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Maoism and Democracy
News: In the recently concluded elections in Chhattisgarh a low voter turnout was observed in Maoist-affected territories. It reflects the influence of Maoists on the tribal people who may not have voted due to fear.
Tribals in India
• India has the second-largest tribal population in the world.
• As per the Census 2011, the tribal population constitutes about 8.9% of the total population in India.
• Around 92% of the ST population continues to live in rural areas. Current status of Maoism in India
• Decline in Violence: Incidents of Maoist violence in India dropped by 77% between 2009 and 2021. The number of deaths of civilians and security forces also decreased by almost 85%, from an all-time high of 1,005 in 2010 to 147 in 2021.
• Reduced Geographical Spread: The geographical spread of Maoist violence has reduced to 46 districts today, compared to 96 districts in 2010. The influence zone of the Naxalites, known as the red corridor, has been steadily declining in terms of geographical coverage and number of violent incidents.
• Government Strategy: The Indian government’s policy involves security-related measures, development interventions, and ensuring rights and entitlements of local communities. This multi-pronged strategy has resulted in a consistent decline in violence in affected areas.
• Tribals in Chhattisgarh hold 34% of vote share but voter turnout in tribal areas was only around 4% mainly due to boycott calls.
• The Maoists run government in tribal regions known as ‘Jantana sarkar’
What are the challenges posed by Maoism?
• Security Threat: Maoism is considered one of the gravest security threats India faces. The Maoist insurgency, which started in the 1960s, has claimed over 12,000 lives
• Socio-Economic Disruption: The Maoists draw support from disgruntled citizens, especially tribals, who believe they have been exploited and have not benefited from economic growth. This leads to socioeconomic disruption in the affected areas.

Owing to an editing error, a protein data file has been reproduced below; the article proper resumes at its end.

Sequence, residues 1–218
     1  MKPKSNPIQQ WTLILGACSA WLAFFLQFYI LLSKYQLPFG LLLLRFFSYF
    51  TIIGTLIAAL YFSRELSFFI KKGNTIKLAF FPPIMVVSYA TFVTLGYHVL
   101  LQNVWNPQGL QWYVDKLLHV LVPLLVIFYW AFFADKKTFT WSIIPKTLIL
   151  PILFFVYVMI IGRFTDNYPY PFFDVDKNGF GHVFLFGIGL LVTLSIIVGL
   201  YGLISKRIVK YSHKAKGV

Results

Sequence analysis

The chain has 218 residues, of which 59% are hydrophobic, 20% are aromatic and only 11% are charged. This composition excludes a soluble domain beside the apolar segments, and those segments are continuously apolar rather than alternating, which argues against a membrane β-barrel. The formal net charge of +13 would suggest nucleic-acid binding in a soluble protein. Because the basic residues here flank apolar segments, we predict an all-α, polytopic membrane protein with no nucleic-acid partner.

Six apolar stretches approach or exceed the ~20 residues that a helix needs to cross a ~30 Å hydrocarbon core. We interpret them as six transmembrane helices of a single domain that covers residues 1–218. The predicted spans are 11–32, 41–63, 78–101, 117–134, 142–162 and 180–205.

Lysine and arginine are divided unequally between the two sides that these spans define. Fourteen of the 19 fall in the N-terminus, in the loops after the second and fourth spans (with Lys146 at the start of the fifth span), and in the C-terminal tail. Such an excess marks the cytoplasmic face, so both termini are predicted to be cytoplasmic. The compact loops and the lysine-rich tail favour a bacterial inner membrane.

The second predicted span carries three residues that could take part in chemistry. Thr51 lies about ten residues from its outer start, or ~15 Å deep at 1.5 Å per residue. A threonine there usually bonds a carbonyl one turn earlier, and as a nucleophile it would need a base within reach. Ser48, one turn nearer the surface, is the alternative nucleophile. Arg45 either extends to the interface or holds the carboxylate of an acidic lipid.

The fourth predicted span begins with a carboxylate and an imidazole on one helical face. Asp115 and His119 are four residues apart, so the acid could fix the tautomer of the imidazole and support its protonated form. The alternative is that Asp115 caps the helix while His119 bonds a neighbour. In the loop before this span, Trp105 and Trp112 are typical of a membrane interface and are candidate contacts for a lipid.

• Political Instability: The Maoists aim at overthrowing the Indian state through armed struggle to capture political power. This creates political instability in the regions where they are active.
• Developmental Challenges: The presence of Maoists in certain areas can hinder developmental activities, making it difficult for the government to implement infrastructure and welfare projects.
• Agencies, CSO’s, NGO’s etc face challenges in service delivery, welfare program etc.
• Radicalization of Youth in Tribal areas who get drifted towards anti-national activities etc.
What is the government doing to address Maoism?
• SAMADHAN Doctrine: This doctrine is a one-stop solution for the LWE problem. It encompasses the entire strategy of government from short-term policy to long-term policy formulated at different levels.
• Aspirational Districts Programme: Launched in 2018, it aims to rapidly transform the districts that have shown relatively lesser progress in key social areas.
• Development Initiatives: Several development initiatives have been implemented for construction of roads, installation of mobile towers, skill development, improving network of banks and post offices, health and education facilities1 Funds for development are also provided to most LWE affected districts under Special Central Assistance (SCA) scheme.
• Encourage public participation via implementing PESA
• Implement sustainable use of natural resources
• Address primary causes such as poverty, lack of education, improve standard of living of tribals.
• The core of the issue is to counter naxal propaganda by empowering the locals in LWE affected districts.